Humble appointed director of the Quantum Science Center

August 9, 2022 – Travis Humble has been appointed director of the Quantum Science Center, which is headquartered at the Department of Energy’s Oak Ridge National Laboratory. QSC is a multi-institutional partnership encompassing industry, academia and government institutions tasked with uncovering the full potential of quantum materials, sensors and algorithms.

Travis Humble. Credit: Carlos Jones, ORNL.

Humble was named associate director in 2020 when the DOE established this five-year, $115 million project as one of five national research centers for quantum information science. Humble stepped down as interim director in January following the departure of former QSC director David Dean.

“I look forward to working with this amazing team of scientists and engineers at the forefront of quantum science and technology,” he said. “QSC provides a wonderful opportunity to engage the best and brightest in our country to solve some of the most interesting scientific problems of our time.”

As interim director, Humble has overseen QSC’s three main focus areas: discovery and development of quantum materials, quantum algorithms and simulation, and quantum devices and sensors for discovery science. In his new role, he will continue to work with QSC partner institutions including ORNL, Los Alamos National Laboratory, Fermi National Accelerator Laboratory, Purdue University, Microsoft and IBM.

A distinguished ORNL scientist, Humble also directs the lab’s Quantum Computing Institute and the Oak Ridge Leadership Computing Facility’s Quantum Computing User Program. QSC uses DOE user facilities, including the OLCF, to solve research problems.

Humble joined ORNL in 2005 as a Postdoctoral Research Fellow and became a staff member in 2007. He received a bachelor’s degree in chemistry from the University of North Carolina Wilmington and a master’s and doctorate in theoretical chemistry from the University of Oregon.

As QSC director, Humble will prioritize the development and application of quantum materials for quantum computing and quantum sensing to support scientific discovery, improve the country’s security and energy efficiency, and ensure economic competitiveness. Other goals include demonstrating the benefits of early quantum computers and advancing methods to study the fundamental physics of quantum matter.

By addressing the current quantum challenges and expanding people development activities with a focus on recruitment and training, Humble expects QSC’s leadership role in the ongoing quantum revolution to continue to grow.

Humble is also an Assistant Professor at the Bredesen Center for Interdisciplinary Research and Graduate Education at the University of Tennessee at Knoxville, Editor-in-Chief for ACM transactions on quantum computingco-editor for quantum information processing and co-chair of the Quantum Initiative of the Institute of Electrical and Electronics Engineers.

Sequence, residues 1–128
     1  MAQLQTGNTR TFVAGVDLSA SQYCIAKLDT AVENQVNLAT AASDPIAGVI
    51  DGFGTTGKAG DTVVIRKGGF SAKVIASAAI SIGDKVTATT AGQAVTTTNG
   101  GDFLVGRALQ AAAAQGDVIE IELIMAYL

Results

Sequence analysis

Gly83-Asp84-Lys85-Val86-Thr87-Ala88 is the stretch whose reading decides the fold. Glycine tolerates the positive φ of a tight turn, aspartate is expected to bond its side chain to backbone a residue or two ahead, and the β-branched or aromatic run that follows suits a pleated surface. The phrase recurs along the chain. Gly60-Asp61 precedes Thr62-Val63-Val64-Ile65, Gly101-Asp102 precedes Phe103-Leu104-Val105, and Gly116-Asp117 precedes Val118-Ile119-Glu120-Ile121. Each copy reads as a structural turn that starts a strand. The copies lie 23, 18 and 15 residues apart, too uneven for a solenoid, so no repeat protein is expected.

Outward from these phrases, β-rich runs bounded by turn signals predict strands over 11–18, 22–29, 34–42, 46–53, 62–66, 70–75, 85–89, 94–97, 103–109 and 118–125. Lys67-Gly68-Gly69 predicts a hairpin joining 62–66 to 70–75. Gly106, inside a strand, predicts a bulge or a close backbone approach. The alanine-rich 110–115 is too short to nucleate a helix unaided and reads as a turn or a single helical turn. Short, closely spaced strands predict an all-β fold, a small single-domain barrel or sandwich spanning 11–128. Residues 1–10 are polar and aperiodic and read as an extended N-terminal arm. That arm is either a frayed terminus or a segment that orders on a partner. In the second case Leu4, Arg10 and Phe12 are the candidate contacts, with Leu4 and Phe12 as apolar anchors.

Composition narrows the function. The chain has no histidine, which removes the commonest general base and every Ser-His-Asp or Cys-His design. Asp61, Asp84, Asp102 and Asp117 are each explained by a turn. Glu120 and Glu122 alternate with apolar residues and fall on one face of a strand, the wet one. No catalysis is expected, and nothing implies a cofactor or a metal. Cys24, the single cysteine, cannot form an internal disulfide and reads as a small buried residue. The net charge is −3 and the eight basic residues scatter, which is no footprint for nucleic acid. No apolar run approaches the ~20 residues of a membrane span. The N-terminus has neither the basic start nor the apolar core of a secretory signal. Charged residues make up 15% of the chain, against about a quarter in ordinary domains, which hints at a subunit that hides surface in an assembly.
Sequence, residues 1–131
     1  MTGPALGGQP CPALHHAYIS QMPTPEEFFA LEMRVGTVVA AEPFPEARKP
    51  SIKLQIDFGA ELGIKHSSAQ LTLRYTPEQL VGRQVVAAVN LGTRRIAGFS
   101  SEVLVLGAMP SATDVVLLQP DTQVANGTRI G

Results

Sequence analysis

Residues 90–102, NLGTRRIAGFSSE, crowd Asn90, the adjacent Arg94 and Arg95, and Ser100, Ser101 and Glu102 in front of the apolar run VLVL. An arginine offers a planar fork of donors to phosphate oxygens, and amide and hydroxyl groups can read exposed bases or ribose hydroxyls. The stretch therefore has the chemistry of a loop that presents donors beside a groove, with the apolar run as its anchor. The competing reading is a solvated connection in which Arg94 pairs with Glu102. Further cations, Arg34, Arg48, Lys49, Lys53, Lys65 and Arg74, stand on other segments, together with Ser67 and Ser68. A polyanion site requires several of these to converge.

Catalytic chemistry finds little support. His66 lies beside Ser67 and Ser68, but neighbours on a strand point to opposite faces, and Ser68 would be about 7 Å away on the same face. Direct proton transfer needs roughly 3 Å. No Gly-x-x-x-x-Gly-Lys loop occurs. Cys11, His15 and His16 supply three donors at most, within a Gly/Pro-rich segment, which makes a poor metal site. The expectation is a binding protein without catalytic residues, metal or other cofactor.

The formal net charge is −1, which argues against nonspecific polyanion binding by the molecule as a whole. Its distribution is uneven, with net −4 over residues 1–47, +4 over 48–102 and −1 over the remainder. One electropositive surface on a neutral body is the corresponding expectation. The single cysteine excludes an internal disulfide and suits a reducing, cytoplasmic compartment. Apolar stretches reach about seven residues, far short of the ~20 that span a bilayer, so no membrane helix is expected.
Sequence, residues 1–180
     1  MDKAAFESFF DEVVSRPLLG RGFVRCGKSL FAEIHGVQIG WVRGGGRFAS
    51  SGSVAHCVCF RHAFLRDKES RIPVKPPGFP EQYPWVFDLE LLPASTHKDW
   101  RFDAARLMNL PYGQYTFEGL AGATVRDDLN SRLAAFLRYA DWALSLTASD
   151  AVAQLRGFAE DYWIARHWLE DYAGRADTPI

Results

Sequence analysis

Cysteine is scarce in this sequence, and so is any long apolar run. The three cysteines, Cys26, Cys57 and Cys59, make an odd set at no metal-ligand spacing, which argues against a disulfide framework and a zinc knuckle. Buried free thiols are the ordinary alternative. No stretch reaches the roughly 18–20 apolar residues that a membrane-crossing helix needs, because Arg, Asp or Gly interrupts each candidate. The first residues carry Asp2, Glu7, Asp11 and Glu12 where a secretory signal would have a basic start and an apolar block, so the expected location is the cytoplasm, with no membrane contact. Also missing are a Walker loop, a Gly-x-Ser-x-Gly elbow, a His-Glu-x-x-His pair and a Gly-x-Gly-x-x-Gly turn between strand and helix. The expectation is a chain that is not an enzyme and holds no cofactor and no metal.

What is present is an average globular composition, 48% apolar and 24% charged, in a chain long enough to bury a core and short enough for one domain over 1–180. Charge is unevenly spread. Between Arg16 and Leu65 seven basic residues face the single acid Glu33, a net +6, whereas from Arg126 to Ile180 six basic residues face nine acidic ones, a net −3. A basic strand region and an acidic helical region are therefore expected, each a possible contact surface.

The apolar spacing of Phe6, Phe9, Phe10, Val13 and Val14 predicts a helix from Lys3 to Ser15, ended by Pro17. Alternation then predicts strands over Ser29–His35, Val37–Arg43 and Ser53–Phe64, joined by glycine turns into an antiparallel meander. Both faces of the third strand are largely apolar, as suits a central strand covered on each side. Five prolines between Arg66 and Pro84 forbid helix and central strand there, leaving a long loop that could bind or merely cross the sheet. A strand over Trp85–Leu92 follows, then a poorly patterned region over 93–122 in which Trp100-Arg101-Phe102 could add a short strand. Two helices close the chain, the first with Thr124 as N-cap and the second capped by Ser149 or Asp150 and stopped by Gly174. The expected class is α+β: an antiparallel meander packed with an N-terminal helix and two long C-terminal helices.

Now in his 17th year at ORNL and more passionate than ever about the future of quantum technology, Humble is positioning QSC to shape quantum research and technologies on a national and international scale.

“Quantum science and technology are transformative paradigms, and we’ve only scratched the surface of what’s possible,” he said. “QSC will bring new discoveries in materials, computing and sensing that will advance a deeper understanding of these ideas and prepare us for the next generation of quantum technologies.”

The QSC, an ORNL-led national DOE research center for quantum information science, conducts cutting-edge research in national laboratories, universities and industrial partners to overcome important obstacles related to the resilience, controllability and ultimately the scalability of quantum technologies in the quantum state. QSC researchers design materials that enable topological quantum computing; Implementation of new quantum sensors for characterizing topological states and detecting dark matter; and design of quantum algorithms and simulations to enable better understanding of quantum materials, chemistry, and quantum field theories. These innovations enable QSC to accelerate information processing, explore the previously unmeasurable, and better predict quantum performance across technologies. For more information visit

UT-Battelle manages ORNL for DOE’s Office of Science, the largest single funder of basic research in the physical sciences in the United States. The DOE’s Office of Science works to address some of the most pressing challenges of our time. For more information visit

Source: ORNL

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